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Coronavirus contact-tracing apps could pose major privacy risk, Amnesty warns

Bahrain’s ‘BeAware’ and Kuwait’s ‘Shlonik’ include the most invasive tracking measures

Adam Smith
Tuesday 16 June 2020 18:41 BST

Contact-tracing apps being used to prevent the spread of coronavirus could be collecting deeply personal information, Amnesty International has said.

The organisation claims the privacy and security of hundreds of thousands of people have been put at risk by the new platforms.

Contact-tracing apps are software that informs people when they have been in contact with someone who has contracted the coronavirus.

These vary in terms of features, but can generally be separated into two categories: decentralised apps, where the data is kept on the device, and centralised apps where the data is kept on a separate database.

Amnesty International reviewed software from 11 countries, including Algeria, Bahrain, France, Iceland, Israel, Kuwait, Lebanon, Norway, Qatar, Tunisia and the United Arab Emirates.

Bahrain’s ‘BeAware Bahrain’ and Kuwait’s ‘Shlonik’ included the most invasive features, with both apps collecting live or “near-live” tracking data.

These two applications used a centralised approach, capturing location data through GPS and uploading it to a mass database.

This is the same approach originally proposed for the UK’s contact-tracing application, separate to the infrastructure developed by Apple and Google, although that could be liable to change.

Amnesty International also points out that this location information can be easily linked to individuals.

Bahrain and Kuwait require citizens to sign up with a national ID number.

The Bahrain government also enrolled people automatically into a national television show offering prizes to those who stayed at home, and published online sensitive information of people who may have Covid-19.

This included “an individual’s health status, nationality, age, gender and travel history,” Amnesty said.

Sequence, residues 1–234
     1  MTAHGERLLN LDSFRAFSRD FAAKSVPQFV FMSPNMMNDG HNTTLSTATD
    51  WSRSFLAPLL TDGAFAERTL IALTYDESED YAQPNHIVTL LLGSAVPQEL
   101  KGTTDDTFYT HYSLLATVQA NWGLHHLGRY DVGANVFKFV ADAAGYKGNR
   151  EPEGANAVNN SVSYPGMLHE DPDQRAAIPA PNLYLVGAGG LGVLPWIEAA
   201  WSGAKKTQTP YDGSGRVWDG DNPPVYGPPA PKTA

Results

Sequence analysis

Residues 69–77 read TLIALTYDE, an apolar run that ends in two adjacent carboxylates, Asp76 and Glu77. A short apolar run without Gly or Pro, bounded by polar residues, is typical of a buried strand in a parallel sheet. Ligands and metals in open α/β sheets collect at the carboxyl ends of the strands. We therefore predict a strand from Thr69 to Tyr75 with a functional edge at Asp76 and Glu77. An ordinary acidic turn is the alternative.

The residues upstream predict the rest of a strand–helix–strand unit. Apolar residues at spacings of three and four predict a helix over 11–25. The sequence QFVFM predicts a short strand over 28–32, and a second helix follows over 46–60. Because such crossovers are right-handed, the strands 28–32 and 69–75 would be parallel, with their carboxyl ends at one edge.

Norway has since pulled its contact-tracing app ‘Smittestopp’ because of its threat to user privacy, as the software continually uploaded users’ live locations. It was downloaded 1.6 million times before it was removed from app stores.

Other applications, such as those in Austria, Germany, Ireland, and Switzerland, use a decentralised model of Bluetooth contact tracing.

Privacy advocates have contended that this is a better solution, as information is stored locally on the device, rather than sent to a separate database.

In China, the information gathered and retained on central databases has been used to restrict movement and allow the authorities to track people, a report from the New York Times alleged.

Other countries, such as Armenia, Russia, and Ecuador passed emergency laws giving the authorities the power to monitor people who test positive for the coronavirus through mobile location data, something which has been approved in the United Kingdom.

Even in more liberal countries, there are concerns that using technological solutions such as these improperly could be harmful to citizen’s privacy.

Contact tracing apps from France, Iceland and United Arab Emirates use a centralized system, but the information is only uploaded voluntarily by users or at the request of a health authority. But Amnesty said there could still be concerns about such apps.

"The centralized model of France’s contact-tracing app combined with the lack of transparency over how data is stored raises questions as to whether the users’ information could be de-anonymised", Amnesty International said.

Last month, Amnesty International raised numerous privacy questions about the UK’s contact tracing app, which is still undergoing trials in the Isle of Wight.

"Very important concerns around the current choice to adopt a centralised model, and issues like accessibility and transparency, still remain unanswered,” said Kate Allen, Amnesty International’s UK Director.

These include ensuring user’s informed consent is given when using the app, ensuring that data is only used for a limited purpose, and that there is independent expert oversight for the data collected.

Health secretary Matt Hancock could not confirm when the UK’s own app would be ready to launch. “The app is progressing and we will launch it when the time is right. I am not going to put a date on it,” he said.

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